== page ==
Yellowstone Cutthroat

Oncorhynchus virginalis bouvieri

Native Trout Fly Fishing

A 16" native fluvial Yellowstone Cutthroat Trout from a stream in Yellowstone National Park.


The Yellowstone Cutthroat is native to the Yellowstone and Upper Snake River drainages of Montana, Idaho, Wyoming and a small part of both Utah and Nevada. There is some debate as to how far west their original native range of the Yellowstone extended, as two outlier populations of trout, one from Crab Creek, Washington and one from Waha Lake, Idaho, were originally described as Yellowstone Cutthroat and the type locality for Yellowstone Cutthroat is from the Waha Lake trout (Trotter 2008). However, the spotting pattern of some Clearwater-Eastern Cascades Westslope Cutthroat closely resembles that of the Yellowstone Cutthroat and Columbia Basin Redband often exhibit cutthroat markings under their jaws, so it is quite likely that the native trout of these waterbodies were miss identified as Yellowstone Cutthroat. With both of these outlier populations now extinct there is no way to know for sure which type of trout originally inhabited either of these waters. Oddly enough right in the middle of the native range of the Yellowstone Cutthroat, dwells another form of Cutthroat called the Snake River Finespotted Cutthroat. As their name suggests, these fish have considerably smaller spots than the larger spotted Yellowstone Cutthroat, which are found both upstream and downstream of them (Behnke 2002). While the Snake River Finespotted Cutthroat was classified as a distinct subspecies, recent genetic evidence suggests that it is just a uniquely spotted form of Yellowstone Cutthroat (Campbell et al. 2018, Trotter et al. 2018). Previously the Yellowstone Cutthroat was considered a major subspecies of Cutthroat Trout (Behnke 1992, Behnke 2002), however more recent classification considers it a subspecies of Rocky Mountain Cutthroat Trout (Trotter et al. 2018).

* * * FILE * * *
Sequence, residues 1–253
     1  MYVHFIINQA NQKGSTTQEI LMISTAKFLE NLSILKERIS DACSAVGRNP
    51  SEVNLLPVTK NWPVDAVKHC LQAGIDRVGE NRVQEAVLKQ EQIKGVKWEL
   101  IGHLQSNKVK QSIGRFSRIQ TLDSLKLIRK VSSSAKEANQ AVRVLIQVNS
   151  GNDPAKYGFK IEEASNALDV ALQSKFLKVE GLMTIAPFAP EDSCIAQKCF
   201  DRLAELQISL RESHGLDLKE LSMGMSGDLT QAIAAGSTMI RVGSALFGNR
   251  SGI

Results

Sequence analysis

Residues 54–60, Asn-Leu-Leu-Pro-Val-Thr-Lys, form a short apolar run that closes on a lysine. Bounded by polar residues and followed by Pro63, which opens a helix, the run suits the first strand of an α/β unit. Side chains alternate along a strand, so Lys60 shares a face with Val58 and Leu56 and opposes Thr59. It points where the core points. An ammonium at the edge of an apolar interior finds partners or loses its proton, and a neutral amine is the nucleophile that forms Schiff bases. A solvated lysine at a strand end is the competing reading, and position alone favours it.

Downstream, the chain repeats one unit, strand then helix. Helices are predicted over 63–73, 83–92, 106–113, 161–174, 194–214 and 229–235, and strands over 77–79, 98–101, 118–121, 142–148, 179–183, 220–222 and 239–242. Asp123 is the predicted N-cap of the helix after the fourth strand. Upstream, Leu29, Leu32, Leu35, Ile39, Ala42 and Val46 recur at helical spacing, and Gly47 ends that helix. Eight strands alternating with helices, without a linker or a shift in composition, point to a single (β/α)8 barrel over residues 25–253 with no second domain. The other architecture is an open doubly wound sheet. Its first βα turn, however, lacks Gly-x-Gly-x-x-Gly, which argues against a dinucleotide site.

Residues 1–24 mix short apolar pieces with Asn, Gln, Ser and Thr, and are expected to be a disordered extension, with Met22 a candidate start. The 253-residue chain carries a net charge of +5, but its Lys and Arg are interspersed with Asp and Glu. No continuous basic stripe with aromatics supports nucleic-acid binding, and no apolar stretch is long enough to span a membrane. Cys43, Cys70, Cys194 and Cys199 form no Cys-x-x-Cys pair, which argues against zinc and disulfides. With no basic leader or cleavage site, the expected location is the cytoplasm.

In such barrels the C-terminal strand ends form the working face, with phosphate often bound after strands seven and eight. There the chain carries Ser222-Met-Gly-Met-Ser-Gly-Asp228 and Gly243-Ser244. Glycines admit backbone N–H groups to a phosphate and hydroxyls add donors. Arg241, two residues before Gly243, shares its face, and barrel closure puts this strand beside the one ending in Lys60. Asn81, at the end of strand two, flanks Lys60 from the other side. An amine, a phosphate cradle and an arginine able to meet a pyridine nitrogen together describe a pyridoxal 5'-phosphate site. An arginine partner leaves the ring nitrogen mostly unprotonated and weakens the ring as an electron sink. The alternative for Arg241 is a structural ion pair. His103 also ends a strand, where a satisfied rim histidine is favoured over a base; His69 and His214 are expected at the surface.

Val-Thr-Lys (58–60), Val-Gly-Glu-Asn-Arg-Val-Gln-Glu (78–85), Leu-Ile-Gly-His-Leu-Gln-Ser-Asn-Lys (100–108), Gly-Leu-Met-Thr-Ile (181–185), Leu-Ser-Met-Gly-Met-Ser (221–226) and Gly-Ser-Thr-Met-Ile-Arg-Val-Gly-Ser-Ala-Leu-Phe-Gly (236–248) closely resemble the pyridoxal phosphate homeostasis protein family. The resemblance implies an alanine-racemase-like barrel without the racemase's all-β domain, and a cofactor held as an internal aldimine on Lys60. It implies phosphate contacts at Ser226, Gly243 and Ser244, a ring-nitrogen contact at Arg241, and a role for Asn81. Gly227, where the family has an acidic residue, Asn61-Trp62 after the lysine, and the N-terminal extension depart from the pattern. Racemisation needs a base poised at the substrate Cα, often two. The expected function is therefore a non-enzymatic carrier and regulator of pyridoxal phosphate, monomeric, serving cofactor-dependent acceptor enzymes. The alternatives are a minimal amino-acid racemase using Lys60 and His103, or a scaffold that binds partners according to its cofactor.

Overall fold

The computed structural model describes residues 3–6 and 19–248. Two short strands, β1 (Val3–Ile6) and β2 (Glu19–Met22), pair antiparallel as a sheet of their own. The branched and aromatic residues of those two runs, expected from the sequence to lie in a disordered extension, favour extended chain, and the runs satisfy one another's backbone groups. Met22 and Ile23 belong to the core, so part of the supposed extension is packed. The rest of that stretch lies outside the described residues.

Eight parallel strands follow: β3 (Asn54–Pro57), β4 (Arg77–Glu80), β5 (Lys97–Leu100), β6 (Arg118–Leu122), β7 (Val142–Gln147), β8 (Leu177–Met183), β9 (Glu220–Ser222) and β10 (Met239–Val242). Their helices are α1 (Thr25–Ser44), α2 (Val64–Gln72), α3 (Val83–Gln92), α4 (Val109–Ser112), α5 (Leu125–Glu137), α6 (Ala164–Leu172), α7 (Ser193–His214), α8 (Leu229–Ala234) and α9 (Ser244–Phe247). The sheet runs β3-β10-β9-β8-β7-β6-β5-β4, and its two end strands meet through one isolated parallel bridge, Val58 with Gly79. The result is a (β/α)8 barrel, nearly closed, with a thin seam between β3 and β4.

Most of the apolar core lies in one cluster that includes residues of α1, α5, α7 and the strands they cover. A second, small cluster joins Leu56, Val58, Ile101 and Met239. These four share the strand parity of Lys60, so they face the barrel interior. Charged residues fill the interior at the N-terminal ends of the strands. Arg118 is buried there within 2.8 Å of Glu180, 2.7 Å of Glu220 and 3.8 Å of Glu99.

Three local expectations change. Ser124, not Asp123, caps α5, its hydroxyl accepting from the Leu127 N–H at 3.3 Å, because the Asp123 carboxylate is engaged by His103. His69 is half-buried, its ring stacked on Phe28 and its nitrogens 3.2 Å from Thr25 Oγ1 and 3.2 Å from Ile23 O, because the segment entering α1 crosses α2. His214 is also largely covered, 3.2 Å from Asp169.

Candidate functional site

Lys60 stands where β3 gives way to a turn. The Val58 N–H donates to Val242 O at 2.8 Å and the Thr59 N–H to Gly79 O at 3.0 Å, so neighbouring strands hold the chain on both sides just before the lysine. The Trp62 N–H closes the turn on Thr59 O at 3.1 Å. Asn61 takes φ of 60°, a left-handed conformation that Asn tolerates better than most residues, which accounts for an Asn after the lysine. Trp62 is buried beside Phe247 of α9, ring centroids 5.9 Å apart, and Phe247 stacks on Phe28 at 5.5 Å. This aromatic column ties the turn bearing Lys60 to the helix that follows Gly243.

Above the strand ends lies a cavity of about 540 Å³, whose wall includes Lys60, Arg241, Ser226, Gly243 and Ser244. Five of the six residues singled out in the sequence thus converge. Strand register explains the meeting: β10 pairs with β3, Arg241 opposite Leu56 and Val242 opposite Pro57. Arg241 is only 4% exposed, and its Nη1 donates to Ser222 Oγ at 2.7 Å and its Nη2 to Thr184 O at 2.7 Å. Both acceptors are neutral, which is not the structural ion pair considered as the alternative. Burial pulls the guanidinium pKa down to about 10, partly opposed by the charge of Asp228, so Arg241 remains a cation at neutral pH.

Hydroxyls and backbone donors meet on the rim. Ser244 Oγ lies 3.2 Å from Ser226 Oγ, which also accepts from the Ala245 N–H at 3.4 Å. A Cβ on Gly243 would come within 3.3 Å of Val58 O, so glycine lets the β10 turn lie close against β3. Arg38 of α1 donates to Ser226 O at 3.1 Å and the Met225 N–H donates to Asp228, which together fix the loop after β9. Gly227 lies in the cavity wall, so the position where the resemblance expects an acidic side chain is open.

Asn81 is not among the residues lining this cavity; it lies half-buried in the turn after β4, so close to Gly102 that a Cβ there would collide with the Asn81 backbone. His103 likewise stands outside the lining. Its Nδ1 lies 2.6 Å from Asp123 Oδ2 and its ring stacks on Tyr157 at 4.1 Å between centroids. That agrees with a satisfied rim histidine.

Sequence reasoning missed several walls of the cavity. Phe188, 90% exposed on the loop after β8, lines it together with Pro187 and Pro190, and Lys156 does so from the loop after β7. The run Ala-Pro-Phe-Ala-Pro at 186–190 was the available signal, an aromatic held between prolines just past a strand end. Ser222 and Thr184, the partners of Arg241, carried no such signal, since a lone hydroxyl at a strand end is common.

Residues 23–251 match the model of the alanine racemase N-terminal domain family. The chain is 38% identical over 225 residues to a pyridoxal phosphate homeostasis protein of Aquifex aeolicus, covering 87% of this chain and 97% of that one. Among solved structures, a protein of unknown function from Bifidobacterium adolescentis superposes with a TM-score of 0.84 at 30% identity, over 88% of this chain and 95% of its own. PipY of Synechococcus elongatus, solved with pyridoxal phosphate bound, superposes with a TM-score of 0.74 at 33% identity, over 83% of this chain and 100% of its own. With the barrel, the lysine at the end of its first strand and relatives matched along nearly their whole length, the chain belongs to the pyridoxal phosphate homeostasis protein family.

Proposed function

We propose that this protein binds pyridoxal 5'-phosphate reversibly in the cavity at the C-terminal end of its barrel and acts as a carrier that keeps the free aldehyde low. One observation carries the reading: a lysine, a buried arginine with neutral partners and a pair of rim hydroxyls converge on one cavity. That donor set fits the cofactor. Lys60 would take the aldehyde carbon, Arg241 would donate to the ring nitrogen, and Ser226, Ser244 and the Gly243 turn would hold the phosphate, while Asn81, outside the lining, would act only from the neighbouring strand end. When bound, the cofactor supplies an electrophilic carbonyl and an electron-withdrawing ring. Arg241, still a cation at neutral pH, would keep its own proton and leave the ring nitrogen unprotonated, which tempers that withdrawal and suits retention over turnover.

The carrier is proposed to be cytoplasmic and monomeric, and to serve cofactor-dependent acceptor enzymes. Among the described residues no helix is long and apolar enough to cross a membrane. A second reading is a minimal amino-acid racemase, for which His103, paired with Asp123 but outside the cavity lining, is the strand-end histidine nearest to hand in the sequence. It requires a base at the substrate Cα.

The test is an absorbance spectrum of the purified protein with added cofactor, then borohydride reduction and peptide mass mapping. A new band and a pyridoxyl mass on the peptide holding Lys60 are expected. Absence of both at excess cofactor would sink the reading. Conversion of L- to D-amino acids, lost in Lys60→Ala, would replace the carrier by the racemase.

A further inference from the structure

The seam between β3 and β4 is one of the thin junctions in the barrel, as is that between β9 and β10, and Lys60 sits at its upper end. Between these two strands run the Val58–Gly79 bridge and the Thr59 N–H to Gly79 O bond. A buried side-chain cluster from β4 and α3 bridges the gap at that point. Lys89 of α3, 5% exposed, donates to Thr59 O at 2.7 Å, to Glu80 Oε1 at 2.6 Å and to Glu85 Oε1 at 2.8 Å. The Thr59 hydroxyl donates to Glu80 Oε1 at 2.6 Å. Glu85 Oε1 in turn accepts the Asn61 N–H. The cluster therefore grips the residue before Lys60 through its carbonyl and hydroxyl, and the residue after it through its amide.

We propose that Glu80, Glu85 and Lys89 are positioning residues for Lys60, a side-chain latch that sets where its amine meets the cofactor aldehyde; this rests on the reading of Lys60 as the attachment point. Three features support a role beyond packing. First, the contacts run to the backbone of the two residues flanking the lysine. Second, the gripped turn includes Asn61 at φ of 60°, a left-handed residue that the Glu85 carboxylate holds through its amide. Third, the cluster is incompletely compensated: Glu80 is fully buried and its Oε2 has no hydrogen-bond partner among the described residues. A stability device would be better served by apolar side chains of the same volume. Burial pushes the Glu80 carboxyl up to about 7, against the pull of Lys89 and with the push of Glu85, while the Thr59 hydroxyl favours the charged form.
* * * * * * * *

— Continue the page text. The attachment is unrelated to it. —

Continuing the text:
Life History Information

Yellowstone Cutthroat exhibit three life history strategies, stream resident, fluvial (river migrant) and adfluvial (stream to lake migrant). Like all Cutthroat Trout, Yellowstone Cutthroat spawn in the spring and capable of spawning multiple times (iteroparous).

Stream Resident Form

Stream resident populations of Yellowstone Cutthroat are typically found in the upper reaches smaller streams and often represent the most genetically pure populations of Yellowstone Cutthroat remaining today. Fish exhibiting this life history typically grow slowly often only attaining a maximum size of 9” to 10” (23 to 25 cm) and rarely live longer than 3 to 5 years of age (Behnke 2002, Uthe et al. 2016). Stream resident trout are opportunistic feeders with a diet consisting primarily of aquatic and terrestrial insects. However, fish in one population Cutthroat were found to eat a large amount red-osier dogwood berries, which fall into the stream in late summer (Skinner 1985). Spawning typically takes place between April and August depending on elevation and water temperature (Trotter 2008). These Cutthroat typically spawn for the first time at age-2 or age-3, at lengths of 4” to 10” (10 to 25 cm) (Meyer et al. 2003). Stream resident fish often spawn in their home range but move may up or downstream in the natal to spawn, instead of migrating into tributary streams (Gresswell 1995). After emergence, fry may disperse upstream, downstream or remain in the area near the redd (Varley and Gresswell 1988). A genetically unique stream resident population occurs in Sedge Creek in Yellowstone National Park, where the trout are thought to have been isolated for the last 20,000 years due to thermal barriers in the lower watershed (Loudenslager and Kitchin 1979).

Fluvial (River Migratory) Form